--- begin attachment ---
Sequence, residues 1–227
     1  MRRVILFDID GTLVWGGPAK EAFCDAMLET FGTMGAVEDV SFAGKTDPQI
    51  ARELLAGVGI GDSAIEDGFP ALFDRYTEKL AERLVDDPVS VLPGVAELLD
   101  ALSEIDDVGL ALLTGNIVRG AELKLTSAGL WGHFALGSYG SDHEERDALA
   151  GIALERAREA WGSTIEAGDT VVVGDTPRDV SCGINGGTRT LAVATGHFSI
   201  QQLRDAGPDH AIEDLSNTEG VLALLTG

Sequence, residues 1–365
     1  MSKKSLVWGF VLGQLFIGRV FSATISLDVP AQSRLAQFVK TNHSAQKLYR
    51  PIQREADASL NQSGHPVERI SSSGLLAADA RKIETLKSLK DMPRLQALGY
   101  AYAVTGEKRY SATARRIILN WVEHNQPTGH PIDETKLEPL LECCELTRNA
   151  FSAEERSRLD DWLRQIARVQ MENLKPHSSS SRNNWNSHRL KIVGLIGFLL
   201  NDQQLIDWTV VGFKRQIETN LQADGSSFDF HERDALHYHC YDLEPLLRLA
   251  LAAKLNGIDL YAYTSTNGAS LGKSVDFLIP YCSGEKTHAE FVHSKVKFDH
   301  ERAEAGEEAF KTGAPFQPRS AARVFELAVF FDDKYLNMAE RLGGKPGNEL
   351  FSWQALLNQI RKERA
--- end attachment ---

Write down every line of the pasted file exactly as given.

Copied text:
Sequence, residues 1–227
     1  MRRVILFDID GTLVWGGPAK EAFCDAMLET FGTMGAVEDV SFAGKTDPQI
    51  ARELLAGVGI GDSAIEDGFP ALFDRYTEKL AERLVDDPVS VLPGVAELLD
   101  ALSEIDDVGL ALLTGNIVRG AELKLTSAGL WGHFALGSYG SDHEERDALA
   151  GIALERAREA WGSTIEAGDT VVVGDTPRDV SCGINGGTRT LAVATGHFSI
   201  QQLRDAGPDH AIEDLSNTEG VLALLTG

Sequence, residues 1–365
     1  MSKKSLVWGF VLGQLFIGRV FSATISLDVP AQSRLAQFVK TNHSAQKLYR
    51  PIQREADASL NQSGHPVERI SSSGLLAADA RKIETLKSLK DMPRLQALGY
   101  AYAVTGEKRY SATARRIILN WVEHNQPTGH PIDETKLEPL LECCELTRNA
   151  FSAEERSRLD DWLRQIARVQ MENLKPHSSS SRNNWNSHRL KIVGLIGFLL
   201  NDQQLIDWTV VGFKRQIETN LQADGSSFDF HERDALHYHC YDLEPLLRLA
   251  LAAKLNGIDL YAYTSTNGAS LGKSVDFLIP YCSGEKTHAE FVHSKVKFDH
   301  ERAEAGEEAF KTGAPFQPRS AARVFELAVF FDDKYLNMAE RLGGKPGNEL
   351  FSWQALLNQI RKERA